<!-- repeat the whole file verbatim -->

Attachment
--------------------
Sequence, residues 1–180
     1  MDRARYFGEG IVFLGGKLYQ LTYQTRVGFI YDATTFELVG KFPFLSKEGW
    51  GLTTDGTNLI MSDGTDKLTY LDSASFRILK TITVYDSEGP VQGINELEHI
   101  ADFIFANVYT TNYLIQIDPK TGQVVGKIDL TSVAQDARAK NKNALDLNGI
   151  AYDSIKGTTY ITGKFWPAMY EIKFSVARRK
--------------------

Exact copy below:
Sequence, residues 1–180
     1  MDRARYFGEG IVFLGGKLYQ LTYQTRVGFI YDATTFELVG KFPFLSKEGW
    51  GLTTDGTNLI MSDGTDKLTY LDSASFRILK TITVYDSEGP VQGINELEHI
   101  ADFIFANVYT TNYLIQIDPK TGQVVGKIDL TSVAQDARAK NKNALDLNGI
   151  AYDSIKGTTY ITGKFWPAMY EIKFSVARRK